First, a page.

The day everything changed
by Mentxu Sendino CMO EventsCase
Will March 2020 become a new 9/11?
I am sure you all remember where you were on 11 September when the two Twin Towers in New York were attacked.
I wonder now if the month of March 2020, the beginning of the global pandemic generated by COVD-19 for most of us, will become a before and after in our lives.
On 10 March 2020 I was on my way to Barcelona to host a super-exclusive event we called “Bizlunch” where 10 people around a table in a hand-picked restaurant would talk about the events industry, share experiences and, in short, network.
Our company, EventsCase, had already started to feel the ripple effects of the postponement of events, with a few cancellations but nothing serious. It seemed that the virus affecting China in a dramatic way was not going to alter our plans for growth and expansion.
When I arrived at Sants station in Barcelona, I began to notice something in the atmosphere that was not normal.
First, I noticed that the city was a bit dull. Barcelona is a bustling city with streets full of people.
Then, I started to notice that there were many people wearing masks. I was surprised, incredulously surprised. I almost thought that these people were overdoing the protective measures.
I started my way through Barcelona. Besides that event, I had to visit other venues for future events. The professionals I met showed their concern. The taxi driver, the two venue managers I met… they didn’t know what was coming but they didn’t like what they saw on the horizon.
And then the dominoes started to fall.
First: I received a call from one of my marketing team, advising me that one of the people who had confirmed her attendance just a few hours before, could now not guarantee her presence. The company she worked for was issuing an internal communication for employees not to attend any external events.
There were already 9 of us around the table.
A few minutes later, the VP of one of the event organisers associations of which we are partners phoned me to tell me that it would be impossible for her to attend. Her clients and associates needed her.
Mass cancellations had started. No one knew what contractual clauses protected them.
There were still 8 of us.
Then what rang out was the notification of a new message in my LinkedIn inbox. The communications director of a large pharmaceutical company with whom we wanted to start connecting through this event was writing to me cancelling her attendance (in her case two people from the same company were confirmed). She told me that his superiors had asked her at the last minute to coordinate an internal crisis office.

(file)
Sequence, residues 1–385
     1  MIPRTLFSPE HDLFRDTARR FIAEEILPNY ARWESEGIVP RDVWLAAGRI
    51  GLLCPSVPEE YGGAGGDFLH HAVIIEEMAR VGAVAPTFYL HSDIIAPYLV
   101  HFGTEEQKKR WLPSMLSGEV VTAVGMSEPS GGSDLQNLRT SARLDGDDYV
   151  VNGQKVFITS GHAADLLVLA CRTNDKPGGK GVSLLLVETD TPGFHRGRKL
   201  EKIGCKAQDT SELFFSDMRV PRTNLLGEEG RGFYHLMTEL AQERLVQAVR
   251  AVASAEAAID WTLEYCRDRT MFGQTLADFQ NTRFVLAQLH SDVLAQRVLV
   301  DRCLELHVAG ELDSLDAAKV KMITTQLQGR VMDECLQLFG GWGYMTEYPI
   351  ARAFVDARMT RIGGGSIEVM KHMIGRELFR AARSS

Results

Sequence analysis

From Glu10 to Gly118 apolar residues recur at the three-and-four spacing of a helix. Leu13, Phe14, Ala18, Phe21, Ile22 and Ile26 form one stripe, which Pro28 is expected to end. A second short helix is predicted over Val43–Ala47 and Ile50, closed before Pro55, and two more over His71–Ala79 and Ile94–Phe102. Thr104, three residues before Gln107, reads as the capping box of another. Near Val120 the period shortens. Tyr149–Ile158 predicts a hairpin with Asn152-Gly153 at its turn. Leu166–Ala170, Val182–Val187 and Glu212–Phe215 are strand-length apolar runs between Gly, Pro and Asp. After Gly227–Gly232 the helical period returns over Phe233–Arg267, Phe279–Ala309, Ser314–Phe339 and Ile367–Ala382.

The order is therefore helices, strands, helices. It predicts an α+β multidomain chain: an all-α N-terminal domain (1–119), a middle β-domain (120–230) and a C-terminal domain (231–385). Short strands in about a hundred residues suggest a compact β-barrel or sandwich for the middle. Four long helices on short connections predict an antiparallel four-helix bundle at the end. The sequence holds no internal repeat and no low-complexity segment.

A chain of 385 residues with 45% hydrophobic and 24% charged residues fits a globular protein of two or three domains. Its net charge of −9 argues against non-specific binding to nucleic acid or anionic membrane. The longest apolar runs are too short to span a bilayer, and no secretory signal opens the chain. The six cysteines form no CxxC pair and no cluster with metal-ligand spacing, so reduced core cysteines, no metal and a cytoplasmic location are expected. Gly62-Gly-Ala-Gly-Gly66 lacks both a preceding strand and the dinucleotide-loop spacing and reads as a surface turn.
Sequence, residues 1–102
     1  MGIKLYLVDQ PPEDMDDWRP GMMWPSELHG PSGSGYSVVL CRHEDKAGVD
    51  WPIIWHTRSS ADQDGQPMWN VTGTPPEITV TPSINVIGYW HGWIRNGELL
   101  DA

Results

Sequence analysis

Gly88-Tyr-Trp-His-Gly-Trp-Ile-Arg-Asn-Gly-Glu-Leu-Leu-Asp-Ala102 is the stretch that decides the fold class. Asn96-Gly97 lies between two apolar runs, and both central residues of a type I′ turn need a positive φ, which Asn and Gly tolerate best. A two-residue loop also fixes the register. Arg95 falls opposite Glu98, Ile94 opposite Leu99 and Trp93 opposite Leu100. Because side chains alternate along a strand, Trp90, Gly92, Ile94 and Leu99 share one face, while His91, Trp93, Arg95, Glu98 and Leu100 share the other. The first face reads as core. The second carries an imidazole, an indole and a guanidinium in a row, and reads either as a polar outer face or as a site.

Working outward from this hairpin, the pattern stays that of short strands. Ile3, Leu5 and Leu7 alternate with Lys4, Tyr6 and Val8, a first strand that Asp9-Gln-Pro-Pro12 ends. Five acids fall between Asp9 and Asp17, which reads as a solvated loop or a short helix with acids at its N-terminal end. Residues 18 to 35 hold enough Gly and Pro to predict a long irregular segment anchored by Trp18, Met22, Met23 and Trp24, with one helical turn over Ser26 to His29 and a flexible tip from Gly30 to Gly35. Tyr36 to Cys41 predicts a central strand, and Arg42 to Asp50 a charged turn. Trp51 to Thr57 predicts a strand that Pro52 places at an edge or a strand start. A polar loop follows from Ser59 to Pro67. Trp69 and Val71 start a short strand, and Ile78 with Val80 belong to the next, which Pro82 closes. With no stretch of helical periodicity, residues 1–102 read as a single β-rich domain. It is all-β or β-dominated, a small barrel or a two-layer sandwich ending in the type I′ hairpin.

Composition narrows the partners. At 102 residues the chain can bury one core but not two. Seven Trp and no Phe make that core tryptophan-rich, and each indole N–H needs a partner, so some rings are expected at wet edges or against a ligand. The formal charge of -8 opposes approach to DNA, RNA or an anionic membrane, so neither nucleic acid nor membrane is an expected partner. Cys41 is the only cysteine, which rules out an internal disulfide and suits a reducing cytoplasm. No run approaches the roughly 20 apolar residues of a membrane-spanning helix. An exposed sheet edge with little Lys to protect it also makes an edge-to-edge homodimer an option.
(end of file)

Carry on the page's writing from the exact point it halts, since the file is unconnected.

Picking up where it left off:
I remember that I was already at the restaurant where the business lunch was to be held and when I met the CEO of EventsCase, who was also attending the event, I told him that we were going to have to cancel it. That I was getting a steady stream of denials, that everyone was panicking and that it didn’t seem to be a false alarm or a temporary thing.
I went down to the private room where the venue staff were working in such detail and seeing all that effort really made me want to cry.
Our logo on a giant screen, the personalised gifts we had chosen for the guests, we had even designed little cards with their names on them.
All the work of months, gone in minutes.
The last cancellations came ten minutes before the scheduled start.
I spoke to the people in charge of the restaurant, a Michelin star restaurant that buys top quality food on a daily basis. We couldn’t cancel, so we took the opportunity to celebrate what we didn’t know at the time would be our last corporate event for a year.
On that 10th March I wasn’t fully aware of the crisis, health, social and economic, that was looming ahead of us. I realised that I had been wrong to minimise its scope and I began to understand that dark, very dark times were ahead.
That weekend, in Spain, total confinement was decreed. And words like social distance, mask or quarantine became commonplace in our daily lives.
Our company, like many others in the events industry, was hit hard. Our sales reduced to zero. I went from desolation to searching for solutions in a matter of days.
The following weekend I wrote an internal email under the subject line: What are we going to do? I simply felt it was essential to communicate with our customers, partners and stakeholders to tell them that we were still alive and that we would be there for them.
We developed a campaign to communicate with all our contacts, started to move, looked for alternatives and started working on our own pivot to virtual.
Since that day last March we have been working from home. We have increased our staff, developed dozens of functionalities. In the summer, we won the backing of our investors with a £3.5 million round of investment.
We don’t know what 2021 will bring. We don’t know when we will return home. We know we are ready for whatever comes.
As a Spanish song says “I am like the reed that bends but always stands up”.
Mentxu Sendino CMO EventsCase